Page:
More than $7B in US military equipment seized by Taliban: Pentagon watchdog (New York Post)

Excerpt from the New York Post: The bulk of the outlay, the watchdog said, was for tactical ground vehicles like Humvees and mine-resistant MRAPs — about $4.12 billion of which was in the Afghan military’s inventory when the Taliban swept into Kabul on Aug. 15, 2021. The report also noted that the lost materiel included $923.3 million worth of military aircraft, "some of which were demilitarized and rendered inoperable during the evacuation," and $294.6 million in aircraft munitions. The IG’s office added that the Pentagon’s Office of the Under Secretary of Defense for Policy, which provided the figures, had claimed that "the Afghan forces were heavily reliant on U.S. contractor support to maintain both their aircraft and ground vehicle fleets, and without this continued support, the long-term operability of these assets would be limited."
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As for the current state of Afghanistan today, a bomb blast that killed at least 21 worshipers, including an influential cleric, and injured more than 30 others in Afghanistan’s capital during evening prayers on Wednesday evening has renewed focus on the threat to the Taliban posed by Afghanistan’s Islamic State affiliate, according to the Washington Post.

How strong is the Islamic State in Taliban-ruled Afghanistan? (Washington Post)

Excerpt from the Washington Post: Residents of the Khair Khana area of Kabul told the Washington Post that the prayer leader who was killed, Amir Mohammad Kabuli, was an outspoken preacher unaffiliated with any one faction. No group has claimed responsibility for Wednesday’s blast, but it came a week after the Islamic State-Khorasan (ISIS-K), a rival of the Taliban, claimed responsibility for a bombing that killed Rahimullah Haqqani, a prominent Taliban-linked cleric. It’s the latest in a string of attacks, many of which have been attributed to ISIS-K, since the Taliban swept to national power in Afghanistan a year ago. ISIS-K is most associated with Iraq and Syria, where the brutal extremist group held huge swaths of territory under its self-declared "caliphate" at the group’s peak in late 2014. Known for its transnational recruitment and appetite for violence, ISIS saw its power decline sharply after a U.S.-coalition drove it from the last of its territory in 2019. But the militant organization and offshoots continue to stage attacks and fuel violence and instability in the Middle East, South Asia and Africa.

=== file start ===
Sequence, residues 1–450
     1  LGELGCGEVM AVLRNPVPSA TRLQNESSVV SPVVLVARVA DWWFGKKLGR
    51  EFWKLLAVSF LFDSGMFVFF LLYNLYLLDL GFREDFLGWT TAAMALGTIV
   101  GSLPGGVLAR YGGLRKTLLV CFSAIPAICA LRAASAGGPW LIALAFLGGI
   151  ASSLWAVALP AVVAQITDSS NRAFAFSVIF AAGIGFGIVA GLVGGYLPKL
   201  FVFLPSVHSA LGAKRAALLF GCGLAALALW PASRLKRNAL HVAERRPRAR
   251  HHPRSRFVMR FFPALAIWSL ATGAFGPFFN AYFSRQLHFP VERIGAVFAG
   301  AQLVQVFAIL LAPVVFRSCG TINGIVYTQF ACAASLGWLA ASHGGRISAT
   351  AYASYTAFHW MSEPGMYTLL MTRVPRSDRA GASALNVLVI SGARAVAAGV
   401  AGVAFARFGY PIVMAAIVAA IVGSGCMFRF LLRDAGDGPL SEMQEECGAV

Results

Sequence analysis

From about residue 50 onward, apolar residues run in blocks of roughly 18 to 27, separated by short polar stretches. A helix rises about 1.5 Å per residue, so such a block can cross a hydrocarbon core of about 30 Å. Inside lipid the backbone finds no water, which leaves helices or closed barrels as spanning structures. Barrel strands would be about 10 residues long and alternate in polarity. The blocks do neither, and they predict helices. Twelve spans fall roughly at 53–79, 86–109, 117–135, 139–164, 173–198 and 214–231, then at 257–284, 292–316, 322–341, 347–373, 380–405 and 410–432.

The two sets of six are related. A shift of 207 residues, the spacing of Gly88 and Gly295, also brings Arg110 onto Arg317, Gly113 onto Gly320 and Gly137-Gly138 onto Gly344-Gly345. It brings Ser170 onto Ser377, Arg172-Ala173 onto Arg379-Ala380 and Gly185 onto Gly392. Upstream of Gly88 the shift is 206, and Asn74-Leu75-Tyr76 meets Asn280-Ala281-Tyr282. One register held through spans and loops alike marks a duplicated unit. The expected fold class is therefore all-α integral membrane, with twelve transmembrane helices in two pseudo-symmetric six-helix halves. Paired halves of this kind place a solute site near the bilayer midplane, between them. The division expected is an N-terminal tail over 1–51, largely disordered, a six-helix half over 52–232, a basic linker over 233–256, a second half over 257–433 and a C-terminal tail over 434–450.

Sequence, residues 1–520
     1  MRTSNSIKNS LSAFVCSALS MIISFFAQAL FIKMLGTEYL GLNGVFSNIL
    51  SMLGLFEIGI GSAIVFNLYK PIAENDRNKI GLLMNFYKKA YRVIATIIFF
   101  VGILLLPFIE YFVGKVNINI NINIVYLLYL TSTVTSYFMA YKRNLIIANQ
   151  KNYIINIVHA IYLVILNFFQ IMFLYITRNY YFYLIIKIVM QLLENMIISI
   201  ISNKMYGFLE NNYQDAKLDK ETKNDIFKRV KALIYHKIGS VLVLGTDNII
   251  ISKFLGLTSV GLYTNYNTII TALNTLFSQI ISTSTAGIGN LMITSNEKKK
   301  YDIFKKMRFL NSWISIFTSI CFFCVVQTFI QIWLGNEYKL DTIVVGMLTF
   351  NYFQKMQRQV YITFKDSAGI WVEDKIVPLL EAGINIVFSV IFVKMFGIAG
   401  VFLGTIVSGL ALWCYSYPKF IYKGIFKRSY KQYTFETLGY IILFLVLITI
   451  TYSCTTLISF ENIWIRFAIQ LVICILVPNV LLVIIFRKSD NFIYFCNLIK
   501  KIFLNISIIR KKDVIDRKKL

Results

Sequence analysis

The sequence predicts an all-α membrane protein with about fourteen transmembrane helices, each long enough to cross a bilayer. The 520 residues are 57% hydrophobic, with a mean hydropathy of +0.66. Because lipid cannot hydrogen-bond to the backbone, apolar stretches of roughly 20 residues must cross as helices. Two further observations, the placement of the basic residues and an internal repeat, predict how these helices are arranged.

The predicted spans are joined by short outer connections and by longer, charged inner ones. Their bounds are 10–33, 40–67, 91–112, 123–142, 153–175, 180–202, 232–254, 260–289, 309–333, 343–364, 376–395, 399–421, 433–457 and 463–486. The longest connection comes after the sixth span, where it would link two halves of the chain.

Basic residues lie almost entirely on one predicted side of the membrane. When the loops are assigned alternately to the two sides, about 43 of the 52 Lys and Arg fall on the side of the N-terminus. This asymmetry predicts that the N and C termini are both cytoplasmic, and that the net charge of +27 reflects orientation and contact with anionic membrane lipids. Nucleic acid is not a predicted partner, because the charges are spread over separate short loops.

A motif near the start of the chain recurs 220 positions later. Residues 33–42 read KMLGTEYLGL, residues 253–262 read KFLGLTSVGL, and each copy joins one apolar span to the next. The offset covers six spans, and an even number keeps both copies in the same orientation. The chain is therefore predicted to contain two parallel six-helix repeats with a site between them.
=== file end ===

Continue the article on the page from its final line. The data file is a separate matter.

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And in another uprising against the Taliban, the New York Times recounts the story of Mawlawi Mahdi Mujahid, a former Shiite commander within the mostly Sunni Taliban who had recently renounced the new Taliban government and seized control of a district.

The Bloody Uprising Against the Taliban Led by One of Their Own (New York Times)

Excerpt from the New York Times: For months, the Taliban had tried to bring him back into their fold, wary of his growing clout among some Afghan Shiites eager to rebel against a movement that persecuted them for decades. Now, Taliban forces were massing around the district he controlled — and Mahdi and his men were readying to fight. "If the Taliban do not want an inclusive government, if they do not give rights to Shiites and to women, then we will never be able to have peace in Afghanistan," said one fighter, Sayed Qasim, 70. "As long as we have blood in our body we will fight." The clashes were the latest in a conflict brewing across northern Afghanistan in which a smattering of armed factions have been challenging the heavy hand of the Taliban government — a harsh reminder that Afghanistan has not yet escaped the cycles of violence and bloodshed that defined the country for the past 40 years.